Others created nations; we English created the modern world. But as we rightly and democratically surrendered our imperial dominions to their own people, and as other global powers entered the stage, our horizons narrowed to our British island. Without the rationale of overwhelming mutual interest, and without the common enterprise of Empire, the marriage of convenience between England and Scotland that forms the bedrock of the United Kingdom finally looks set to be breaking down. Those who still cherish the ideal image of ‘Britain’s’ imperial greatness – conveniently forgetting the hard realities of domination and exploitation that were an integral part of that story, or ascribing them to England – now seek to build that Britain into a nation; rather than let it slide inexorably into the history books – the books telling the history of England, that is.

Britain never was, still is not and pray God never will be a ‘nation’ in its own right. For some of the Britologists, this is what it should have been from the beginning: from the time of the Acts of Union between England and Scotland in 1707. If this had happened – say, for instance, if Nelson had been defeated at Trafalgar and our energies had subsequently been turned in on ourselves instead of Empire – Britain would now be a European nation-state comparable to those of a similar scale, such as Germany and Italy, that were put together from a collection of kingdoms and principalities during the 19th century. This is how Brown and his ilk would like Britain to be today, fearful that a break-up of Britain into its constituent nations would diminish ‘this country’s’ standing among its European neighbours and weaken its ability to defend its interests within Europe and the international community – albeit peacefully in the present era, thank God.

Of course, logically, such a break-up would by definition diminish this country’s standing if ‘this country’ is defined as Britain: Britain – as a would-be nation-state – simply would be no more. But this would not lessen England’s standing. On the contrary, England would re-emerge from Britain’s shadows as the great nation it always has been, both before and through the period of Union with Scotland: comparable but superior in its past achievements to those other empire-building nations and former rivals France and Spain. England did not need to build a nation of Britain. It already was a great nation at the time of the Union, and the uncomfortable truth is that, from day one, ‘Great Britain’ was more the name of England’s Empire than that of a nation subsuming England. The Union with Scotland was in reality more of an annexation of Scotland – followed one century later by Ireland – into the English Empire, which was already beginning to expand across the globe by the beginning of the 18th century.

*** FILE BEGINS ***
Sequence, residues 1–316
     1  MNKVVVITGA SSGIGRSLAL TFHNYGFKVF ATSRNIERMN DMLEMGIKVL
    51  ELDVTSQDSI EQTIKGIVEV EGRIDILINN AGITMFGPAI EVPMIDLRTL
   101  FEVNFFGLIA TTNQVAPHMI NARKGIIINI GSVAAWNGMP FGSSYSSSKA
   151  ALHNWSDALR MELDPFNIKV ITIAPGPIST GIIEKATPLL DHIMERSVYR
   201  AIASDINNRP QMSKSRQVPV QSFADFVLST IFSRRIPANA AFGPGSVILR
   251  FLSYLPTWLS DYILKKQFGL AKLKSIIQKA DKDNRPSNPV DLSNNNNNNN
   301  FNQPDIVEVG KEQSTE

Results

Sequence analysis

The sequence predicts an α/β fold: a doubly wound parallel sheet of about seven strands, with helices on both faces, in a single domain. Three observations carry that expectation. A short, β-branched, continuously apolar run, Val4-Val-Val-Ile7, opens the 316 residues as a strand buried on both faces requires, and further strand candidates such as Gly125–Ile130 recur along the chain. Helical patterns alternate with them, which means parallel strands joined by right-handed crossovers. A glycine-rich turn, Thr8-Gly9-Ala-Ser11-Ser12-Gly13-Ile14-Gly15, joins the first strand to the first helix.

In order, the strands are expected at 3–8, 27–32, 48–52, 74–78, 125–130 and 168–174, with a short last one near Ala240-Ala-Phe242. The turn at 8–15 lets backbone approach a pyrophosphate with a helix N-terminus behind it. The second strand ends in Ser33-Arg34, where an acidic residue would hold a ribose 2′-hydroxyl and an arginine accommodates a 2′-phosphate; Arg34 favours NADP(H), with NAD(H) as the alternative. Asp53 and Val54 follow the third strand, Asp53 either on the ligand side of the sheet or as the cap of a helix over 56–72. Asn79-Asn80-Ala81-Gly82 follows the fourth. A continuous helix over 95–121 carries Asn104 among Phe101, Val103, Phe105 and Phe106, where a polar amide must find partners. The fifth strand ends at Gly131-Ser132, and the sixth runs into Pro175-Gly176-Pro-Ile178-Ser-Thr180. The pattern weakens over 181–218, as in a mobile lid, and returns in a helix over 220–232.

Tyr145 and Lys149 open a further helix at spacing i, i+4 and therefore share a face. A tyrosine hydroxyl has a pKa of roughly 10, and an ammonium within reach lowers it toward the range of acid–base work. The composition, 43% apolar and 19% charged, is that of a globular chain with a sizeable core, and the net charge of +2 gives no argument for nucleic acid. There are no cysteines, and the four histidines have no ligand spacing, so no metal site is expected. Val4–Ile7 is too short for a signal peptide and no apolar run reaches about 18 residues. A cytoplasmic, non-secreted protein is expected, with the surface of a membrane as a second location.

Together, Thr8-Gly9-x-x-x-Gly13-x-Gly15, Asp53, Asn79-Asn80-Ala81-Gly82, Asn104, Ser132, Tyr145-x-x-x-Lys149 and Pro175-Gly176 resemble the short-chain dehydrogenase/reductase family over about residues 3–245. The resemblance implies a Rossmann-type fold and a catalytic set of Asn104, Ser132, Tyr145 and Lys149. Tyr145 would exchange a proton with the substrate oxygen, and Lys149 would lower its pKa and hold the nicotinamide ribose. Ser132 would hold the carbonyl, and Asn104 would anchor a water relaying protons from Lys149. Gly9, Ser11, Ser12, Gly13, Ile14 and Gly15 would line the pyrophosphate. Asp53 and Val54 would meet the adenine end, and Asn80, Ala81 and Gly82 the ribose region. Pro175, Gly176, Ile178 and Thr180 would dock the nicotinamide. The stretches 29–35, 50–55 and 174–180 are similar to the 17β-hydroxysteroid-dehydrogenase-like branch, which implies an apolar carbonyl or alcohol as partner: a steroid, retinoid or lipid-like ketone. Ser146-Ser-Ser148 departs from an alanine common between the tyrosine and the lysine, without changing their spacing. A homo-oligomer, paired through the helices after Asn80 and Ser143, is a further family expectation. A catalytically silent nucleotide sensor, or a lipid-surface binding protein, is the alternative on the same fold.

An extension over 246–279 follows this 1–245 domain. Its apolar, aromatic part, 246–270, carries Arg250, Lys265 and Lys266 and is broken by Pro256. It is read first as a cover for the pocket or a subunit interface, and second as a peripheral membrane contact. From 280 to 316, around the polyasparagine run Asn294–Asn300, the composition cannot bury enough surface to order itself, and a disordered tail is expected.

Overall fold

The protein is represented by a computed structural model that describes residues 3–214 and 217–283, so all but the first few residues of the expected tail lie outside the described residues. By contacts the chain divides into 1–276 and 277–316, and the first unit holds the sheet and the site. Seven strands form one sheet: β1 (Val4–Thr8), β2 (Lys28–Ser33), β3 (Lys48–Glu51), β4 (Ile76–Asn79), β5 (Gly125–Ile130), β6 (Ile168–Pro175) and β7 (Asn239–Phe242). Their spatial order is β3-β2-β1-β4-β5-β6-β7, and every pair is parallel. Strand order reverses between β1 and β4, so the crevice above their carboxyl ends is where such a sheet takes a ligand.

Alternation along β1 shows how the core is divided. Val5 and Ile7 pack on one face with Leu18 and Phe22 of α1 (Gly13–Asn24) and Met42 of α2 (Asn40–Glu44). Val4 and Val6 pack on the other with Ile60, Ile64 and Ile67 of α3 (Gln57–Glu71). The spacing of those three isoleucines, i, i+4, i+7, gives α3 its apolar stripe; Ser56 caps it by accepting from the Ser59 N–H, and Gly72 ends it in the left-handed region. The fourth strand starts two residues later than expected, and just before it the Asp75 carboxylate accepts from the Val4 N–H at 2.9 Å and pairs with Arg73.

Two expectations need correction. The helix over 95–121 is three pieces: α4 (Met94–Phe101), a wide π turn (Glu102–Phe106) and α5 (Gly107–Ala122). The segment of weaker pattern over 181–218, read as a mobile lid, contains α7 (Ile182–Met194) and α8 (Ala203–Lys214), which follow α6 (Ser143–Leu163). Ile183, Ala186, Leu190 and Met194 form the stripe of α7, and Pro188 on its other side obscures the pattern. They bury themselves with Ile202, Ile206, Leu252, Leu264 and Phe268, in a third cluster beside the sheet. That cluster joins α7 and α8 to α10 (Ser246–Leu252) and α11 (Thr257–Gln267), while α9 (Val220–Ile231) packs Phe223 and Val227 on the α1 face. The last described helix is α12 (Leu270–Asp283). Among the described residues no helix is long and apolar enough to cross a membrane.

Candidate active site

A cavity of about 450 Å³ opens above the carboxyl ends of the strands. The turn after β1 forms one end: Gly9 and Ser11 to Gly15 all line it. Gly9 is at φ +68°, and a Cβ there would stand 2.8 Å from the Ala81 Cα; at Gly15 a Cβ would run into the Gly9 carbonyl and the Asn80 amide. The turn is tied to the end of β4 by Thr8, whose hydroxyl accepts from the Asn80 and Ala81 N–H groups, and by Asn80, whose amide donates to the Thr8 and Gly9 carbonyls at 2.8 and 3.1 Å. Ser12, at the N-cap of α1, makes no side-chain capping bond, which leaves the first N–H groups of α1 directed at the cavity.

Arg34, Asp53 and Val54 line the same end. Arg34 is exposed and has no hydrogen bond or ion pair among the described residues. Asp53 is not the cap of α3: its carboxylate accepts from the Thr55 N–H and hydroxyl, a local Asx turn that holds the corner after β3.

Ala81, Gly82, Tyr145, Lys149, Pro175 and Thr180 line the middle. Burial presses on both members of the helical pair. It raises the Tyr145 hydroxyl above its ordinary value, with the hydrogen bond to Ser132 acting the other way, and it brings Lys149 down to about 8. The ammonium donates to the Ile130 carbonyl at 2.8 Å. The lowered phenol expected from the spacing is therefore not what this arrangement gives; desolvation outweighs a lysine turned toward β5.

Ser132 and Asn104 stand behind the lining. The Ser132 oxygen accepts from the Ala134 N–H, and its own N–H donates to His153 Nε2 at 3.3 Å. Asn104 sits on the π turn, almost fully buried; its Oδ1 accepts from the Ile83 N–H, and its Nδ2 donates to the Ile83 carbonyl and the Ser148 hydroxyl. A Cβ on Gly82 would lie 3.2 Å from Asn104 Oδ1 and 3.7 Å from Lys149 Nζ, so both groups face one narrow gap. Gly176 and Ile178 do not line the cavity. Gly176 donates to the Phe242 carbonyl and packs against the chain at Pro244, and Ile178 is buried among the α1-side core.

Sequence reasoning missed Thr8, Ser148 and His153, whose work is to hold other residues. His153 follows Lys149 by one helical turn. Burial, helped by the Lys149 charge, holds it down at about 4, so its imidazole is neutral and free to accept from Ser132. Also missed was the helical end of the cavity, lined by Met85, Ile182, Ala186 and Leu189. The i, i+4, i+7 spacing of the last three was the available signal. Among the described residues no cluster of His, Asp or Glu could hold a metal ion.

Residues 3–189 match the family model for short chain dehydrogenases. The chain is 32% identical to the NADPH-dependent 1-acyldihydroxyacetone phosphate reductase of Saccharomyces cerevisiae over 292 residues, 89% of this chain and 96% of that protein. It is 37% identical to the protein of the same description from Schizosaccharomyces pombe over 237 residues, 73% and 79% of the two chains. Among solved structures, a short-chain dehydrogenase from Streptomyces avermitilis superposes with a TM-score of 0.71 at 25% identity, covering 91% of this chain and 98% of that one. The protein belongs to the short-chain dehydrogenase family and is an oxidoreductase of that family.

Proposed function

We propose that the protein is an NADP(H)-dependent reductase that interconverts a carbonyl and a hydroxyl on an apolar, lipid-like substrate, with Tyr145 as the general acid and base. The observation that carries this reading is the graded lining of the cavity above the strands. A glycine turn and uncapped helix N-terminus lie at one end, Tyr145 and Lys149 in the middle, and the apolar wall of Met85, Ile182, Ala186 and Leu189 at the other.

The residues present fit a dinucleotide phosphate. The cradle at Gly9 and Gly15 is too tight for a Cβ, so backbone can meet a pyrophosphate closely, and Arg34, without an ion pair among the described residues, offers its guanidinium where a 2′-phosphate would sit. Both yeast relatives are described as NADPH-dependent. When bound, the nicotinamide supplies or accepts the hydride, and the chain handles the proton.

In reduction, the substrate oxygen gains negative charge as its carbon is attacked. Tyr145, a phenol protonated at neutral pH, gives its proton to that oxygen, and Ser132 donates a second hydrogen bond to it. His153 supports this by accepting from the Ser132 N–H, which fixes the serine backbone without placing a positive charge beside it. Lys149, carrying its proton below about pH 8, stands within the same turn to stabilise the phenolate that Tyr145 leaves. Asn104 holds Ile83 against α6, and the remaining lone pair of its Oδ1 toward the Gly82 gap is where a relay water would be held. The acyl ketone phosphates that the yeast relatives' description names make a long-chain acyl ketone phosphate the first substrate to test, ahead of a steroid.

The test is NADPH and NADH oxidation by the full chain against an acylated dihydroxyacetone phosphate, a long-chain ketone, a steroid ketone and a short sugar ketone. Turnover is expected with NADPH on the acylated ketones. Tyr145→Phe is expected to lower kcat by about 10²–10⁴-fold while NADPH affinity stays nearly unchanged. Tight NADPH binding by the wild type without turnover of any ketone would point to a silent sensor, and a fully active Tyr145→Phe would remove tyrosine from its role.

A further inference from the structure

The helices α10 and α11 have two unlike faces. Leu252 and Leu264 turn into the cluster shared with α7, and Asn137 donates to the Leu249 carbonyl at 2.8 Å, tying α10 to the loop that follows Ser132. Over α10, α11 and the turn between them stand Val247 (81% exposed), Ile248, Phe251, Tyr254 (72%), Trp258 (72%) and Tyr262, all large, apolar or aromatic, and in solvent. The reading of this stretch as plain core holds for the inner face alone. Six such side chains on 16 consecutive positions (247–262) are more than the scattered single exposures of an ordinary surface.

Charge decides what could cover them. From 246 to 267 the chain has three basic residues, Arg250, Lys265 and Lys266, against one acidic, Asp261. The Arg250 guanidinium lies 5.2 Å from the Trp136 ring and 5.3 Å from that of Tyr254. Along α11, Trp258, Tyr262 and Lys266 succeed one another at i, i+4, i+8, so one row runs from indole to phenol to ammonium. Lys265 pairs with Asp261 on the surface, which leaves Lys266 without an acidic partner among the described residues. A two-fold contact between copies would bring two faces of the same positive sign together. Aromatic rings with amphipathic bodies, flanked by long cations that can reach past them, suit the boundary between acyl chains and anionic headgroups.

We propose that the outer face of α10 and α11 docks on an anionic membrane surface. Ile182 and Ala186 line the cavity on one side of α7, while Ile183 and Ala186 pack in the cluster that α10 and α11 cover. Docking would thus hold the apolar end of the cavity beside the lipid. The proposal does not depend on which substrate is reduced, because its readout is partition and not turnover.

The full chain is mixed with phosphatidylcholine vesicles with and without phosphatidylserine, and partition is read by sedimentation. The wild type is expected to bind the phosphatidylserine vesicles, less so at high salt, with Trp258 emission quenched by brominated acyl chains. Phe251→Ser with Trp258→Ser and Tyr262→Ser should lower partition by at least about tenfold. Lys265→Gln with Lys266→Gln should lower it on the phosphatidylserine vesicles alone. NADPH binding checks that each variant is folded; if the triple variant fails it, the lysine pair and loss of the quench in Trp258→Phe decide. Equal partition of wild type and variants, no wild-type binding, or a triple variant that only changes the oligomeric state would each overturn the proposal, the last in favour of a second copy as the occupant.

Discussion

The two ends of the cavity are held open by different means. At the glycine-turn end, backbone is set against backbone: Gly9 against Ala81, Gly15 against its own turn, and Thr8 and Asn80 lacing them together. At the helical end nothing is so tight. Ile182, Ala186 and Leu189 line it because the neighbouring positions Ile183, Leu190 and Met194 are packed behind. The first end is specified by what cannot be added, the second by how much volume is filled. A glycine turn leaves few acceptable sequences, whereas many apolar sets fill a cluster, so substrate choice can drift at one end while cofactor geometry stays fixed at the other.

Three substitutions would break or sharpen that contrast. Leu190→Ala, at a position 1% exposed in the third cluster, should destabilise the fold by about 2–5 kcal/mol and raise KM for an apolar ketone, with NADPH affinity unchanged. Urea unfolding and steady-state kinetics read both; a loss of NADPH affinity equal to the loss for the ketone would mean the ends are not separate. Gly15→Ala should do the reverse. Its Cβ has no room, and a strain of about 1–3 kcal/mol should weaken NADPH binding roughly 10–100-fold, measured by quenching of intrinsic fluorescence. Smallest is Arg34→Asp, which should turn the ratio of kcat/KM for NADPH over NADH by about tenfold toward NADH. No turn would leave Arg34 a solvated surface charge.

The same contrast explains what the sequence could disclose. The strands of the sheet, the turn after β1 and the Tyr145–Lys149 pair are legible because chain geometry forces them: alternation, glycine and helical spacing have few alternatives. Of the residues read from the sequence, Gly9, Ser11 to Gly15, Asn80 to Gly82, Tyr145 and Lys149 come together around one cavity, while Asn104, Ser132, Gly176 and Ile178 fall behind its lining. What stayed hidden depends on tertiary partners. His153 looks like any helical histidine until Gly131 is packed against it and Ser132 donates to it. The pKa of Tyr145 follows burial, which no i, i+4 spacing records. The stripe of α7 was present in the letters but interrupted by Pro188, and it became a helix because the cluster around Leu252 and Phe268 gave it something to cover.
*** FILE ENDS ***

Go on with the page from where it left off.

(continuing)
In fact, one way of thinking about it would be to say that ‘Britain’ itself was England’s ‘home Empire’ (hence, ‘Great Britain’) as opposed to the Empire ‘abroad’. Scotland and Ireland would then be described as having been originally English colonies, subsequently absorbed into the same political state as England: union within a common state (the English state, renamed ‘Britain’ / the UK to reflect its enlarged geographical extent) but not a common nation. Commonwealth of nations, not British Nation. Unlike a power such as France, whose colonies were all assimilated into France itself, each of the ‘British nations’ (both the other nations of the British Isles and those of the broader Empire) retained or developed distinct identities as nations: distinct from England, that is.

British ‘nationhood’: nothing if not England

So the ‘British’ designation of the other British nations in fact signifies their difference from England – in the past and in the present – as well as England’s enduring difference from Britain. At the same time, however, the British nations’ Britishness mediates a continuing union with England – politically, culturally, socially: a state (in both senses) that can persist so long as England, too, continues to see and describe itself as British. England is the central point of reference and underlying national identity of Britain. This latter term also denotes the commonality and ‘sameness’ of Britain, as well as the place of the ‘properly British’: where Britain is thought of as present to itself and in possession of itself, providing a centre of original and authentic Britishness that can be imagined as remaining present through its dispersion across multiple different British nations. But, because it serves this purpose, England cannot define itself as distinct from Britain; it cannot set itself apart from Britain, and / or see itself as superior to the ‘other’ British nations, because this would mean that it was not ‘one’ with – an equal partner to and the means for the unity of – the other nations: the guarantor and foundation of a common Britishness.